David Travis Grieb .... grip and electric driver/swing (uncredited)
 
Other crew
Tamara Becher .... script coordinator
Natasha Billawala .... assistant: Marti Noxon
Michael Boretz .... assistant: Joss Whedon
Kern J. Eccles .... assistant: Joss Whedon (as Kern Eccles)
Jeffrey Garrett .... location manager
Drew Z. Greenberg .... story editor
Chip Hatton .... assistant: David Solomon
Ken Lee .... production auditor
Laura Lewis .... assistant: Marc Alpert
Suzanne McRobert .... script supervisor
George Montgomery .... title designer
Lisa Ripley-Becker .... production coordinator (as Lisa Ripley Becker)
Rebecca Sinclair .... executive story editor (as Rebecca Rand Kirshner)
Mari Wilson .... script supervisor
Scottee Angel .... production assistant (uncredited)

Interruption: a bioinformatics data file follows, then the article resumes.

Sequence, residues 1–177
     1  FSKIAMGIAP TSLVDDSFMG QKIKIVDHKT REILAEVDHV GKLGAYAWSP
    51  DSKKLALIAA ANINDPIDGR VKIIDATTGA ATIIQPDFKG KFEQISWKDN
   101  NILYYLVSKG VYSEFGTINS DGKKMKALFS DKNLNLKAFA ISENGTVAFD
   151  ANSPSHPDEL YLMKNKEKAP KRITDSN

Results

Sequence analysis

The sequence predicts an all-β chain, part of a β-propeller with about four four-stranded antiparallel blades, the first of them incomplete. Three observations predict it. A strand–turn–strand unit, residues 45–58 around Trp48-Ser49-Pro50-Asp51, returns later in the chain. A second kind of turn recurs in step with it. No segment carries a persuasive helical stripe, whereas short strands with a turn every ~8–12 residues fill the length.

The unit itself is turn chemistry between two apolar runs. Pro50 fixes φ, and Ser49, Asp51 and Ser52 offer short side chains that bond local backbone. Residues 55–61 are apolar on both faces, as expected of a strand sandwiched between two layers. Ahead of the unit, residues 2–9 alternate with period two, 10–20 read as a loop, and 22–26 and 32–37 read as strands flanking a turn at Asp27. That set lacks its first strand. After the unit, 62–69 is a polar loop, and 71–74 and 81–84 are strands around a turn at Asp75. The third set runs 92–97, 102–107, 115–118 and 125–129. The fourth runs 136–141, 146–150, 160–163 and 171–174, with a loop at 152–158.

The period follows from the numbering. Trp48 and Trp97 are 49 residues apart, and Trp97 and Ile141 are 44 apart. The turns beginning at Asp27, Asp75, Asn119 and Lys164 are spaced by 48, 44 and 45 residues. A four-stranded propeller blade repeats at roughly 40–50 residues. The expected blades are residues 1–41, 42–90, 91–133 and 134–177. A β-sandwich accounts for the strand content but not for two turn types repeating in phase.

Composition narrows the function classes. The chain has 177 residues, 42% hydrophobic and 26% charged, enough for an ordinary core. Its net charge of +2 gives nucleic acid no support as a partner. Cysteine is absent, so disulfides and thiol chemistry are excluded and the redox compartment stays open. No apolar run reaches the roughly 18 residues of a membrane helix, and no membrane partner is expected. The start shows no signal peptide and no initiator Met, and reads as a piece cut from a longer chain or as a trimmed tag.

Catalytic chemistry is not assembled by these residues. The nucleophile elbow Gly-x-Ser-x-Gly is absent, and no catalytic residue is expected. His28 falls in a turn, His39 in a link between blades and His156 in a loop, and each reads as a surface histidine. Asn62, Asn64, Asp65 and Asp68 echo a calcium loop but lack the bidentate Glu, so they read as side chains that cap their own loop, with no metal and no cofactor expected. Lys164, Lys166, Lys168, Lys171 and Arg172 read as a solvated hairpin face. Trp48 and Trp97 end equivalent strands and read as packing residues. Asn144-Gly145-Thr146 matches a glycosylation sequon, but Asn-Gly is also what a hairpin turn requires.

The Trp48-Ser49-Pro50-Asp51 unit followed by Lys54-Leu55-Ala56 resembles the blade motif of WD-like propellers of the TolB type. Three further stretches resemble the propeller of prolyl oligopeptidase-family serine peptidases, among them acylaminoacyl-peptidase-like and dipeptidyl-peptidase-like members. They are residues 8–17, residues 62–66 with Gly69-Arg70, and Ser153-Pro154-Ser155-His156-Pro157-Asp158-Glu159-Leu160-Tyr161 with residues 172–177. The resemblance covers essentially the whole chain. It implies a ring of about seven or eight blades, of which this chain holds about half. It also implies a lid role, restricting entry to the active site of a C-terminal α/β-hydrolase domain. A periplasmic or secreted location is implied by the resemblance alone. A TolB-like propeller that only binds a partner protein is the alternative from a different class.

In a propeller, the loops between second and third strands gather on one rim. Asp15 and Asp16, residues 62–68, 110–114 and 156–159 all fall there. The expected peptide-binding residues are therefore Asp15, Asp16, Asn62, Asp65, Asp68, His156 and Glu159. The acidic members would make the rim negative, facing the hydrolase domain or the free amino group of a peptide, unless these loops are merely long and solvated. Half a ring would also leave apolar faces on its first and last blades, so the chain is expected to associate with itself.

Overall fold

Jo Brake .... assistant production coordinator (uncredited)
Rob Gibson .... assistant location manager (uncredited)
Jim Hill .... set medic (uncredited)
Stacey Levin .... head publicist (uncredited)
 

Production CompaniesDistributorsSpecial EffectsOther Companies

Additional Details

Runtime:
42 min
Country:
Language:
Color:
Aspect Ratio:
1.33 : 1 See more »
Sound Mix:
Certification:
Germany:16 | Israel:PG | Italy:T | New Zealand:M | Portugal:M/12 | Singapore:M18 (DVD rating) (season 6) (season 7) | USA:TV-PG

Did You Know?

Trivia:
With the exception of the unaired pilot, Sarah Michelle Gellar and Alyson Hannigan were the only two to appear in all 144 episodes.See more »
Goofs:
Continuity: After Dawn pulls the plug on the television set she holds it up in front of her chest, but in the reverse angle she is holding the plug down by her hip.See more »